7 Pleasuresmay be one of Melbourne Festival’s most talked about shows. The premise: 12 dancers performing entirely nude for almost all of the 90-minute run time. But titillation is far from the objective (or outcome) here. Danish choreographer Mette Ingvartsen, frustrated with the lousy legacy of the sexual revolution of the 1960s and 70s, offers a response to today’s “raunch culture” and the two-dimensionality of eroticism depicted on screen. By placing a dozen naked bodies on stage, 7 Pleasuresallows us to witness, communally, the very intimate and very visceral state of ecstasy.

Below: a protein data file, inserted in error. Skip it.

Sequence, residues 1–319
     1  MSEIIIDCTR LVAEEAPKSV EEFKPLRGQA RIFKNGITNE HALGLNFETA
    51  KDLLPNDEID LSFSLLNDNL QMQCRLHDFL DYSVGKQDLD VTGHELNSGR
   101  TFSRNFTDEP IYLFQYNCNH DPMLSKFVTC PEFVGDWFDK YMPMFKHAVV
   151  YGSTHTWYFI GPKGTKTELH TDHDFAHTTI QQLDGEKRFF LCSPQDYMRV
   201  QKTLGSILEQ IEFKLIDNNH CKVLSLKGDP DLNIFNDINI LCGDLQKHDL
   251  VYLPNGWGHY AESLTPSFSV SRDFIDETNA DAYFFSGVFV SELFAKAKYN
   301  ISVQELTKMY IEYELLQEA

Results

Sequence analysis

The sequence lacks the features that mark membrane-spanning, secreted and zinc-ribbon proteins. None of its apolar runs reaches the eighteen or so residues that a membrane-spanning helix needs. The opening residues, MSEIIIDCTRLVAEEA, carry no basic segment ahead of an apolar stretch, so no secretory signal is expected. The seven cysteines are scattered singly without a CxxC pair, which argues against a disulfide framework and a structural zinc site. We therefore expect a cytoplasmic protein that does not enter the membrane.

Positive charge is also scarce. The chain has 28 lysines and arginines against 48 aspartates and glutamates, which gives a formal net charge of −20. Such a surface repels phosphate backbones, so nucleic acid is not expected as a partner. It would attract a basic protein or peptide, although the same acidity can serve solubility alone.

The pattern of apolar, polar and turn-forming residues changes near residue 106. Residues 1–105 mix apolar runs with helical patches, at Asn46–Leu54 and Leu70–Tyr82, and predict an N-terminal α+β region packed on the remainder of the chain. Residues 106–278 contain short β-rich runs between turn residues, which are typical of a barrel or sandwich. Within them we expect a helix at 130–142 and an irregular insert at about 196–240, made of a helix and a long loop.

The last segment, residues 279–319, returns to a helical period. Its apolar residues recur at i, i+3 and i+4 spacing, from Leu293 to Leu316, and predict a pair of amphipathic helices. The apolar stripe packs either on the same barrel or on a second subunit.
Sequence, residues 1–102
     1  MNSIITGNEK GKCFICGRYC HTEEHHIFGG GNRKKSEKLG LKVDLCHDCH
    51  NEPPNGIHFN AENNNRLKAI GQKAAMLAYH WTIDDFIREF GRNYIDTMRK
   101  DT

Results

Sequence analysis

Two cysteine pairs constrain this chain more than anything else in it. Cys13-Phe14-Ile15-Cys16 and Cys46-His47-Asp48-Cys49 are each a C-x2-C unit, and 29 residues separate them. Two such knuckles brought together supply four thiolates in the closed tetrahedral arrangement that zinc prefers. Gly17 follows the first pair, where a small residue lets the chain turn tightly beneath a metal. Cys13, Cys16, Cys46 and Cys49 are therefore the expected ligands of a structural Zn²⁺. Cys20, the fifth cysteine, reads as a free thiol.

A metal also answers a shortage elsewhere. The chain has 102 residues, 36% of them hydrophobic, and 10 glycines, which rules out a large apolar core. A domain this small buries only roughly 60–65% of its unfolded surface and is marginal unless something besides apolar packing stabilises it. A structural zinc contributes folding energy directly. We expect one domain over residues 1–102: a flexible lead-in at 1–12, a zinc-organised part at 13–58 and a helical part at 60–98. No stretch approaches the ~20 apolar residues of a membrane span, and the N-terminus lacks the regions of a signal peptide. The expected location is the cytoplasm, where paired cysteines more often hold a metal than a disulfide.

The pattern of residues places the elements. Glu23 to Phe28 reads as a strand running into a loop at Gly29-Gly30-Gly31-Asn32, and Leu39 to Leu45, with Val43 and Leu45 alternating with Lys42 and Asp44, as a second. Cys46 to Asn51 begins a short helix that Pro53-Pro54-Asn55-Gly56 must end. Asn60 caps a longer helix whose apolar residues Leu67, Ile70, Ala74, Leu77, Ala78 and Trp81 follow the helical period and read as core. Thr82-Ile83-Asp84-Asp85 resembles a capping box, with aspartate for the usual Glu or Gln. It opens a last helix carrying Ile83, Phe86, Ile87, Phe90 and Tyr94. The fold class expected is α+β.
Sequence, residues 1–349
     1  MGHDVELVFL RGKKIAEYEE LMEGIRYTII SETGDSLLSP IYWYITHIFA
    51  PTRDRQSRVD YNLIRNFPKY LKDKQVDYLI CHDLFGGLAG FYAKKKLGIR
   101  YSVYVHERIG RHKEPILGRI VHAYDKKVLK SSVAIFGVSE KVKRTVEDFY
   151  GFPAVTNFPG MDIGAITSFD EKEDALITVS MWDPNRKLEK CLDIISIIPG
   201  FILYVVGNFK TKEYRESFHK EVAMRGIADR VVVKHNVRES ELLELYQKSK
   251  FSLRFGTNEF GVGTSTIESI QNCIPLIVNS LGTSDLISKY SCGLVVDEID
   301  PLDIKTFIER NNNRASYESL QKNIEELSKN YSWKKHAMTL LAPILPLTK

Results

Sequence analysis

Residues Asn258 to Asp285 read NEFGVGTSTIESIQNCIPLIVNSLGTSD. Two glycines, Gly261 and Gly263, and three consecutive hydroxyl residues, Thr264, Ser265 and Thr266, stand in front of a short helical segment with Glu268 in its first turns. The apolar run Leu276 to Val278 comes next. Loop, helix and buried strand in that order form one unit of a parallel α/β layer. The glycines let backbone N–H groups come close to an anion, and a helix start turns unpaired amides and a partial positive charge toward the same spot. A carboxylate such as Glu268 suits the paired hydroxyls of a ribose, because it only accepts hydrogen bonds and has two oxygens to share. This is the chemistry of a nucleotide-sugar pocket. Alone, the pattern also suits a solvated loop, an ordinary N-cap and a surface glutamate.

Ingvartsen has used nudity as an “in” – the hook into her discussion about the politics of pleasure. Early on, the dancers amass in a heap of human flesh, rolling and sliding across the stage and one another like thick-flowing lava. Gender and body parts are equally indiscernible, establishing a commonality between the bodies on stage and, by extension, the audience. We can see reflections of ourselves up there, regardless of age, sex or physique. In fact, the work as a whole seems generally unconcerned with identity; erasing the categorical distinctions and assumptions we so often make about sexual practices.